Random Ramblings, Reblogged, Writing

Hiding Information with the ‘Pope in the Pool’

 

I HATE reading boring exposition. I know it’s sometimes necessary. But come on! Do I REALLY want to read four hideously LONG pages of the “rules” of your story’s special snowflake universe? Umm…no.

Anyway, I’ve been playing with my storyboard this afternoon, trying to figure out how to NOT be THAT writer when I had a funny conversation with my kiddo. I think I will “borrow” this conversation and slip it into my work in progress. I needed a “Pope in the Pool” moment, a funny way to hide a bit of exposition.

What’s “Pope in the pool?” Check out Jo-Ann Carson‘s post to find out more. I think she did an excellent job of explaining one way to hide exposition in your novel.

Thank you, Jo-Ann Carson, for your insightful information!

xo Juli

Jo-Ann Carson

Today I’m talking craft. It’s a how to-hide information post<g>.

pool1

Deep in revision mode, I realize that my main problem with pacing is due to poorly constructed info-dumps. Wanting the reader to understand my characters I give them too much information in the beginning. I’m learning that:

  • Some background information doesn’t need to be said, and
  • the stuff that does… must be said in an interesting way

Which brings me to the Pope…

The Pope in the Pool

The second “immutable law of screenplay physics” according to Blake Snyder is a technique he calls, “The Pope in the Pool,” and it deals with this problem.

“…the Pope in the Pool gives us something to look at that takes the sting out of telling us what we need to know.  And does so in a lively and entertaining way.” (Blake Snyder, Save the Cat, p. 125)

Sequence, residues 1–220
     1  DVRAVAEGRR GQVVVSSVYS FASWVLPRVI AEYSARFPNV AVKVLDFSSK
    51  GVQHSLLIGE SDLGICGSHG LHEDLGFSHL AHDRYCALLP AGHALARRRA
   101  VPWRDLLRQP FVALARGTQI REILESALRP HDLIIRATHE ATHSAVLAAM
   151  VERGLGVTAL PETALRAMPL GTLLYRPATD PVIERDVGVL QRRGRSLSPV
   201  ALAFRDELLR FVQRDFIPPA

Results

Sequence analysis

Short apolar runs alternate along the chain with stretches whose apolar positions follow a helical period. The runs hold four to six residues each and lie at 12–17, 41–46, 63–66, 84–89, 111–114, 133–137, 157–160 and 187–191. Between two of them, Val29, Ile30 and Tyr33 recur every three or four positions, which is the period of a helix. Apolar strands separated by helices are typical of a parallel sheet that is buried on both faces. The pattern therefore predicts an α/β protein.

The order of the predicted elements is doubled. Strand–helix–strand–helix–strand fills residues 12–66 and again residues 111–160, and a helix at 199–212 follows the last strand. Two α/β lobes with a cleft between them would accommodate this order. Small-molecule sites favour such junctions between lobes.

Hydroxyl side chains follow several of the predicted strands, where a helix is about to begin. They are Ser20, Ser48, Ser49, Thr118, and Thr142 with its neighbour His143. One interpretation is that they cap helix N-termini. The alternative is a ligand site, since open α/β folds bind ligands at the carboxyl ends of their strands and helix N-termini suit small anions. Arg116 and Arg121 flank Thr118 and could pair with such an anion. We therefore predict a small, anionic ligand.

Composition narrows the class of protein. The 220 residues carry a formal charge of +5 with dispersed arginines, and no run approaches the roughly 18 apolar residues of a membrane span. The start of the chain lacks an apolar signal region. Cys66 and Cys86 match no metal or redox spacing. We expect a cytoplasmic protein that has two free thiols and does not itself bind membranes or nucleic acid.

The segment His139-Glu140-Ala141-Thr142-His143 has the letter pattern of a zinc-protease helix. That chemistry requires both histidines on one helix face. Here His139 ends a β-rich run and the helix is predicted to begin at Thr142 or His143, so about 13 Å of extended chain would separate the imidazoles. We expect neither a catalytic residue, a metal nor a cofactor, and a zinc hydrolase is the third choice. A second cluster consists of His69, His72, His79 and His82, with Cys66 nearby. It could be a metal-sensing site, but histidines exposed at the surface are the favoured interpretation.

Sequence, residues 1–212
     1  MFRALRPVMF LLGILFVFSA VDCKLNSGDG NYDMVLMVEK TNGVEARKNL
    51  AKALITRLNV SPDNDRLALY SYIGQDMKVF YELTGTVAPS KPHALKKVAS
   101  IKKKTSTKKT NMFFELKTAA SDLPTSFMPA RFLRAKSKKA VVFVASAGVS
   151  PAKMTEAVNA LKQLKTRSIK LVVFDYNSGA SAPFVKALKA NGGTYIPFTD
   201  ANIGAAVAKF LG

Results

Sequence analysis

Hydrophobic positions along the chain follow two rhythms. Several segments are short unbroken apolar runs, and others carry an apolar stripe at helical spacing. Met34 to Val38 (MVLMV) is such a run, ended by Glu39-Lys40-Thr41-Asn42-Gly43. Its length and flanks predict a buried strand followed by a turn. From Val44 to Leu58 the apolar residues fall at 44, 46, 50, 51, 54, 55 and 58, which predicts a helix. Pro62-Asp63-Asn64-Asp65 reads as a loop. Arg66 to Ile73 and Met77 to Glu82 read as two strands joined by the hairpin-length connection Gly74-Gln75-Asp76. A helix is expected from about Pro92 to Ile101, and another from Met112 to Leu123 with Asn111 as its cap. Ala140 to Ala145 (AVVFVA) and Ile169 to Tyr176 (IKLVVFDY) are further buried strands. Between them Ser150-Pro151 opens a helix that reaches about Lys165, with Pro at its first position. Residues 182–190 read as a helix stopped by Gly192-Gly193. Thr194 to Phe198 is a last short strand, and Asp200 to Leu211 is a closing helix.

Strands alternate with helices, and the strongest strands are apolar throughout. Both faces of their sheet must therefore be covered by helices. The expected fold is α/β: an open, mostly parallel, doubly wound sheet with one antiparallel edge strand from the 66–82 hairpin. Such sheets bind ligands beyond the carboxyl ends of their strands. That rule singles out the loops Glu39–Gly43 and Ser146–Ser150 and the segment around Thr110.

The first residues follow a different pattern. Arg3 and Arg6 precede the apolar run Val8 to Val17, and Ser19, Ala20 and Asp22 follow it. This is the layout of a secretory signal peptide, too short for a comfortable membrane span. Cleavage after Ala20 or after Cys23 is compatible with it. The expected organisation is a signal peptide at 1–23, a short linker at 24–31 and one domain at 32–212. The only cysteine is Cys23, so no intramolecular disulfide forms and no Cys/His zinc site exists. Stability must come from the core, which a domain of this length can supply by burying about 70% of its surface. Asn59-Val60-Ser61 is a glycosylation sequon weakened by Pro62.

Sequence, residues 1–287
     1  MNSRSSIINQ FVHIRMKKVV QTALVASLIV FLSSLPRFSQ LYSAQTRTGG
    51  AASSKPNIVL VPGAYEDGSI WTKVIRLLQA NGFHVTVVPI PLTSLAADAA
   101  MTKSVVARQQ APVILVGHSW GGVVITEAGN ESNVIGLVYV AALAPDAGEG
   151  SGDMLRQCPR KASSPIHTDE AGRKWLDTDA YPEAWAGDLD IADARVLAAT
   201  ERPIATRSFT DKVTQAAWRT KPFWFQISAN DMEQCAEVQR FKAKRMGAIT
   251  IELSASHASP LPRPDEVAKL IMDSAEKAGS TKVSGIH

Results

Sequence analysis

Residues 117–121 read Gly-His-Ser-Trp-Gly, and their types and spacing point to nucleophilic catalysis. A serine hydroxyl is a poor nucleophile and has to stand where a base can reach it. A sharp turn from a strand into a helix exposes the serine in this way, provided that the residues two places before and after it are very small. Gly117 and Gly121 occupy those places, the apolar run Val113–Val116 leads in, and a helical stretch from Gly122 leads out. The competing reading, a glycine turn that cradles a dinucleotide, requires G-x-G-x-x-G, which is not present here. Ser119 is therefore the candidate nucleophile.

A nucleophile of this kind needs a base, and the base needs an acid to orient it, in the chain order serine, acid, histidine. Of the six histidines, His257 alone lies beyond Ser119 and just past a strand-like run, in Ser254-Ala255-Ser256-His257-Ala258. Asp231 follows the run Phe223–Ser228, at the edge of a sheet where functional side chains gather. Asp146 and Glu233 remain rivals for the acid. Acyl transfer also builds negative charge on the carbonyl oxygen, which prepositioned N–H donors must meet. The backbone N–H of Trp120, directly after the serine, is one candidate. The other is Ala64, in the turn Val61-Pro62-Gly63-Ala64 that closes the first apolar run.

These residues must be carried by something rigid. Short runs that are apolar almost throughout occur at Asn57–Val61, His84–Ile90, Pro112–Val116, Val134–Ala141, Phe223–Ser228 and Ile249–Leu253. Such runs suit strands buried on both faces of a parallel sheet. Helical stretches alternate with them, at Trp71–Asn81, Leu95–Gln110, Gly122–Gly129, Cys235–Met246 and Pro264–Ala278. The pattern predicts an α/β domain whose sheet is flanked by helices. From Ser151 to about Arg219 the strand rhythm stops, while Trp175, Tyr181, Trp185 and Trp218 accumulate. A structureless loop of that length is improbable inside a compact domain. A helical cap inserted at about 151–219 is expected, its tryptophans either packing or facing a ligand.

It sounds too…

View original post 291 more words

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4 thoughts on “Hiding Information with the ‘Pope in the Pool’”

  1. Sometimes it’s so hard to know how much to tell. Because readers are all different. For instance, when I wrote my first novel, one friends told me, “You have a little bit too much description.” Another friend said, “You really need to add more description.” I had to just sigh. I write pretty short and lean most of the time. My biggest problem sometimes is saying too much about what people are eating. I’m a real foodie, and I love to hear about the food the characters are eating. But I know most people don’t care about that. So I’ve tried to do better.

    Liked by 1 person

    1. LOL I gain 5 lbs every time I read a mystery by Louise Penny. Her food descriptions are incredible! I enjoy books with good food. 🙂

      You can get 20 readers in the same room and get 20 different reaction. That’s what I’ve learned in book club.

      Like

  2. After the TV series Game of Thrones staged a long passage of expository dialog in a brothel with semi-nude actors in the background, the word “sexposition” was invented to describe that particular technique of getting through the dull-but-important bits. I’ve noticed that in American action movies, the villain often has a long passage of exposition to deliver (the “before I kill you, I’ll tell you why…” school of writing.) British actors are frequently cast in these roles, probably because those who have stage experience are used to memorizing long speeches…. I’m thinking of Alan Rickman (Die Hard) and Benedict Cumberbatch (Star Trek Into Darkness.)

    Liked by 1 person

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